Transferor should have consulted workforce on administrative changes to pay arrangements

Todd v Strain and others EATS/0057/10

TUPE transfers | informing and consulting | measures in relation to transfer

The Employment Appeal Tribunal (EAT) has held that a transferor should have consulted staff on administrative changes to pay arrangements on a TUPE transfer. 

Implications for employers

  • It is important to tell the entire workforce in writing that a transfer is to take place and invite them to a meeting to discuss the proposals. Individuals unable to attend should have the opportunity to raise concerns individually with line managers or the HR department. 
  • This case appears to blur the line between administrative changes that are an inevitable consequence of a transfer (no consultation required) and administrative changes that are a departure from normal practice (consultation required). If in doubt, it is always better to consult, especially if the issue concerns an important area such as pay. 

Ms Todd owned a care home that was sold to Care Concern (GB) Ltd on 4 January 2008, resulting in a TUPE transfer. The workforce found out about the transfer to a new employer at a hastily arranged meeting on 20 November 2007 that was attended by under one-third of the total workforce. At the meeting, they were told that their jobs were safe, but were not given any other information. The news quickly spread among the other employees. There was no other consultation with staff prior to the transfer. One of the consequences of the transfer was a change to some of the arrangements by which staff were paid, including a change to the date on which they were paid their wages.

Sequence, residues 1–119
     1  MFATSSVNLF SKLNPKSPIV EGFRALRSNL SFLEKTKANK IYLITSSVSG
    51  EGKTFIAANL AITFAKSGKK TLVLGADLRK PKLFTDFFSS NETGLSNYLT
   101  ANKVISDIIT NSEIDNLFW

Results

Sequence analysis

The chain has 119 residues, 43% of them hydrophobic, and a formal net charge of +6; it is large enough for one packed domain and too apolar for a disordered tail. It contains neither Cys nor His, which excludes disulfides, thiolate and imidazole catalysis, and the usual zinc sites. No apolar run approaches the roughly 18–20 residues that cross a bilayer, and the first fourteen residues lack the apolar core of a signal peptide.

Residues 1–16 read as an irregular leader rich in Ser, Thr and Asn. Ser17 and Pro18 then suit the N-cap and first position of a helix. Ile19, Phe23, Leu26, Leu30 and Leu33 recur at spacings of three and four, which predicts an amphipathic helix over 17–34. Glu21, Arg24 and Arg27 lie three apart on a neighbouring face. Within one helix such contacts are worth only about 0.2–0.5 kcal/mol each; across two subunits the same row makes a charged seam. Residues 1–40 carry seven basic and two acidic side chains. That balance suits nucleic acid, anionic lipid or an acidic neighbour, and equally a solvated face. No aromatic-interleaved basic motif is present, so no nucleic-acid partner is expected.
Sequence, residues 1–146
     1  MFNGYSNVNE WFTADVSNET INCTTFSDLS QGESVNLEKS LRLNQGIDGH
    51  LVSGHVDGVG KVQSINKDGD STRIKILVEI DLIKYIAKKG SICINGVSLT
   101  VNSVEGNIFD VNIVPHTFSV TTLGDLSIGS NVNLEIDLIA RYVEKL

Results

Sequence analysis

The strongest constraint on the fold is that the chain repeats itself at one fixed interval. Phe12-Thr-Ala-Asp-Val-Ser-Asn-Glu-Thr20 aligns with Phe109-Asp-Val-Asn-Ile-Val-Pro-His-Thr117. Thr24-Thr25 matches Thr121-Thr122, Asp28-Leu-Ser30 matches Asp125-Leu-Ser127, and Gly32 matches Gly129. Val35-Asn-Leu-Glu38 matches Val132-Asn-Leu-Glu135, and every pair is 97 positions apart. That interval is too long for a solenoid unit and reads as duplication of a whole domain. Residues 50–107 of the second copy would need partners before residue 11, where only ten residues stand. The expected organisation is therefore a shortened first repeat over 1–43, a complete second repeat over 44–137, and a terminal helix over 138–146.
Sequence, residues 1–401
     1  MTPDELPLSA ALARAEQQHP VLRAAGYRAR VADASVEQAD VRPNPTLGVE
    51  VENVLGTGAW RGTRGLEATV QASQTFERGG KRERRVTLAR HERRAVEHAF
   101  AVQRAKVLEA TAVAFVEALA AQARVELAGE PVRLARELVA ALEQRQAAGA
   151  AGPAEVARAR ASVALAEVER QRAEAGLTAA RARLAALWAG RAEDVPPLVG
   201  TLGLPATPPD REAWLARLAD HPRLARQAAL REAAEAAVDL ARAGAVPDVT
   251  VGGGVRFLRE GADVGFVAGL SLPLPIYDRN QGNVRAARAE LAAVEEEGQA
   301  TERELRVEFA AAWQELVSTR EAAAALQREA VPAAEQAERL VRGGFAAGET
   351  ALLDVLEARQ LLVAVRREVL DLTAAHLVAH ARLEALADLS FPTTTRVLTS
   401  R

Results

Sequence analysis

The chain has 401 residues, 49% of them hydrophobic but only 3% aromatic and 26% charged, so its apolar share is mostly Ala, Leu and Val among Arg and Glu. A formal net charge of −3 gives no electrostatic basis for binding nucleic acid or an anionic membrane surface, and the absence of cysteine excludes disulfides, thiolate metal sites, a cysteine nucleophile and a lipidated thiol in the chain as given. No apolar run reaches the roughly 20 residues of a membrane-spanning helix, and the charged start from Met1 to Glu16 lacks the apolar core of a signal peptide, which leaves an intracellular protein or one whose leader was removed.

Thirty-two employees brought an employment tribunal claim for a failure to inform and consult appropriate employee representatives about measures that were envisaged being taking in connection with the transfer, contrary to reg.13(2) and (6) of the Transfer of Undertakings (Protection of Employment) Regulations 2006 (SI 2006/246). The tribunal identified some administrative changes to pay arrangements, including the change to employees' normal payment date, as measures about which that the transferor should have consulted the workforce. The tribunal ordered the transferor to pay each claimant the maximum permitted protective award of 13 maximum weeks’ pay under reg.15(8) of the Regulations, finding that the failure to inform and consult on changes to pay arrangements had caused "needless worry" to employees. It was decided that the transferee was not at fault. 

The EAT agreed that the transferor had failed to consult on relevant measures, namely the changes to pay arrangements. It said that, although administrative arrangements of this kind are usually necessary in the context of a transfer and it was not at all clear that there was any disadvantage to employees, the measures were not an inevitable consequence of the transfer. The legislation does not prescribe that the effect of a measure must be disadvantageous to trigger the requirement to consult. In addition, it could not be said that the changes were so trivial as to make consultation unnecessary. It is not difficult to imagine how any change to pay arrangements with which employees are familiar could be unsettling. The sums involved were no doubt small, but it had to be borne in mind that many of the employees in question were low paid. 

However, the EAT disagreed with the amount of the protective award that the tribunal had given to the claimants. The EAT acknowledged that it was not good enough for the transferor to make an announcement about the transfer at a meeting that was attended by less than one-third of the workforce, leaving the rest to learn the information at second hand. It went on to say that the failure was not at the most serious end of the scale: it was not the case that no information had been given to the workforce at all. There had been a staff meeting and employees had been given at least some basic information and, importantly, a reassurance that their new employer would be making no changes in staffing or terms and conditions following the transfer. It was realistically understood and intended that that information would come to the attention of those not attending the meeting. For these reasons, the amount of the protective award for each claimant was reduced to seven weeks' pay. 

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